A crisis is the time to show your true colors. A crisis is a situation in which hard choices must be made. Where do you stand? What are you doing? What are you not doing? Who do you care about? Whose back have you got?
As an economist, I see life as a succession of choices; crisis or no crisis. Economics is frequently seen as a study of money, but in reality, it is the study of choice behavior. In an economic system, there is nothing that is infinitely available. Raw materials, labor, energy; of course they are all accessible, but eventually everything comes to an end. An economist studies the choices people make under the premise that everything has its limits.
Everything is a choice
Even if you do something the way that you have always done it, that is a choice. After all, you can decide to do things differently with each new day. Therefore, holding on to the status quo is also a choice. Situations in which the status quo are most challenged are those whereby the choices of people and organizations are the most interesting ones to study. After all, in times of crisis, a choice becomes just another one on the spectrum of right or wrong.
Unfortunately, our world has a fair amount of experience with crises. So, by extension, there are also plenty of examples of right or wrong. For instance, in Germany there are numerous companies that are still struggling with their Nazi past to this day. But there are also companies that did what they could do to help those in need. During the corona crisis, we saw Sywert van Lienden in the Netherlands choose the shady and sleazy path of lying and money-making, and Randstad choose the brighter path of aid and compassion.
Also interesting: Gé Moonen: ‘Circular economy is allowed to hurt a little bit too’
The question of whether you choose to be on the good or bad side of history is a sensitive one. After all, who decides what is good and evil? Of course, there are all kinds of different perspectives on this: from Kant’s deontological perspective to Hume’s utilitarian perspective, and everything in between, higher or lower.
Because economics is about making choices and ethics is about the moral soundness of those choices, economics and ethics have more in common than you might think at first glance. This is especially evident when you delve into the history of economics.
The founder of economics, Adam Smith (1723-1790), wrote not only the seminal work on economics, An inquiry into the Nature and Causes of the Wealth of Nations, but also a seminal work on ethics, The Theory of Moral Sentiments. In fact, The Theory of Moral Sentiments formed the moral foundation for his later economics book Wealth of Nations. Thus, economics and ethics not only go hand in hand; economics is nourished by ethics.
Since the outbreak of the horrendous war in Ukraine, we, as the world, are now in a new crisis. The status quo is being brutally disrupted, and so once again it is interesting to study what choices people and organizations are making. Are they doing what they have always done, or are they opting for a different path? It is remarkable how many organizations are making a conscious decision to choose a different path: H&M is shutting down sales in Russia, Elon Musk is making his satellites available to Ukraine, Apple is pulling the plug on just about everything in Russia, and so on and so forth.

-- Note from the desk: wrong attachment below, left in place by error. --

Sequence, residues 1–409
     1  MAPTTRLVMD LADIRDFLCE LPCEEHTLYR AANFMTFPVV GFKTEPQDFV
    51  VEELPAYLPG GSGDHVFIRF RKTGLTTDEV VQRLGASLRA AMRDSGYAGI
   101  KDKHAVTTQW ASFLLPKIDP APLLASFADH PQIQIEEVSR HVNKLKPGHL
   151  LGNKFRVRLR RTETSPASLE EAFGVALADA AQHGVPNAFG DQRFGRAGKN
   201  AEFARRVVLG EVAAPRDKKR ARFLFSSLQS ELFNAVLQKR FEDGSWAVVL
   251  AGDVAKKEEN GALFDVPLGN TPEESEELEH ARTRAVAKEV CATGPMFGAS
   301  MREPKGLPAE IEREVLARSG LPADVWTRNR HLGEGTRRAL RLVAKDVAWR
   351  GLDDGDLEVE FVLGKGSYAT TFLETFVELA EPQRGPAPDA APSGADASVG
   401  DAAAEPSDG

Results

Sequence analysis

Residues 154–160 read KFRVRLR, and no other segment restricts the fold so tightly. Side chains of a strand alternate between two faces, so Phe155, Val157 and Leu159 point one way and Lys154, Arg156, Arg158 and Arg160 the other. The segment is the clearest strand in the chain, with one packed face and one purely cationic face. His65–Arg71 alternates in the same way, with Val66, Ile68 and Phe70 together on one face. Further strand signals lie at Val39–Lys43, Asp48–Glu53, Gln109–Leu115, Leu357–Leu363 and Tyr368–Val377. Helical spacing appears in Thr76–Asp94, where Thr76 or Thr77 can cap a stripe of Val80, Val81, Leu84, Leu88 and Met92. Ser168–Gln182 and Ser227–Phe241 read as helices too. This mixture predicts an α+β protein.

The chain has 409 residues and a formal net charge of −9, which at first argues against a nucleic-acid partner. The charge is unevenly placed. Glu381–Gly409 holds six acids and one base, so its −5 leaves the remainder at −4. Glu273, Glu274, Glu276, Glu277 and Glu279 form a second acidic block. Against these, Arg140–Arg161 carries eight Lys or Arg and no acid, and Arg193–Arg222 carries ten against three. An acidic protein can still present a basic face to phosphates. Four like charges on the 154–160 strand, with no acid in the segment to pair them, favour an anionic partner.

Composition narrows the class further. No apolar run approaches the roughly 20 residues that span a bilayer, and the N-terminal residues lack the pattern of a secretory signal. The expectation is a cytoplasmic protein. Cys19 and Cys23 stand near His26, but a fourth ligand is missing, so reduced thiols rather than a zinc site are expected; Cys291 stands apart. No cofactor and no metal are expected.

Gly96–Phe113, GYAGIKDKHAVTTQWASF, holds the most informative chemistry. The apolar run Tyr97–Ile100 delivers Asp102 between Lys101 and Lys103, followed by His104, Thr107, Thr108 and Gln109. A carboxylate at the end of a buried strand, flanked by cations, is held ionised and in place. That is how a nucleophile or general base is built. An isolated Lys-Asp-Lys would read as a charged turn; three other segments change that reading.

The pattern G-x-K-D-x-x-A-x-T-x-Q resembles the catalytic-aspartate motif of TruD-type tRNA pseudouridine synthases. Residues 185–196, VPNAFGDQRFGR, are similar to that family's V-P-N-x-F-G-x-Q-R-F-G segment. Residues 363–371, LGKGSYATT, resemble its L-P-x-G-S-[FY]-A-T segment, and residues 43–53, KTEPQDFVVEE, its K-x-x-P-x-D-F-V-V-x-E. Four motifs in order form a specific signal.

Precisely because so many organizations are now consciously choosing a different path, it is all the more conspicuous when companies do not do that and remain entrenched in their own status quos. Booking.com, for example, stubbornly continues to advertise hotels in Ukraine – now “with the lowest price guarantee”. Turning off the Ukraine targeting in their Google advertising proved to be a choice too far for them. To keep on advertising hotels ravaged by bombs and shells in wartime – where on earth is your moral compass?
In the preceding crisis, the corona crisis, Booking.com also made a choice that left many wondering whether the people of that company had even ever heard of such a thing as a moral compass. Back then, the company caused a commotion amongst the general public because it applied for a lot of corona funding and at the same time paid out enormous bonuses. By advertising at the expense of a country at war, it proves that the company does indeed lack a moral compass.
Show your true colors
A crisis means that, as an organization, you have to show your true colors. The choices you make come under a magnifying glass and your moral compass becomes more important than ever. I have chosen to use this column to put the magnifying glass on (the lack of) a moral compass at Booking.com. Incidentally, in the past week I have approached Booking.com twice about the choices they have made and asked them to share their perspective on their choice behavior. So far, I haven’t received any response to this; even that is a choice.
About this column:
In a weekly column, alternately written by Eveline van Zeeland, Eugène Franken, JP Kroeger, Katleen Gabriels, Carina Weijma, Bernd Maier-Leppla, Willemijn Brouwer and Colinda de Beer, Innovation Origins tries to figure out what the future will look like. These columnists, sometimes joined by guest bloggers, are all working in their own way to find solutions to the problems of our time. So tomorrow will be good. Here are all the previous articles.
Innovation Origins is an independent news platform that has an unconventional revenue model. We are sponsored by companies that support our mission: to spread the story of innovation. Read more.
At Innovation Origins, you can always read our articles for free. We want to keep it that way. Have you enjoyed our articles so much that you want support our mission? Then use the button below: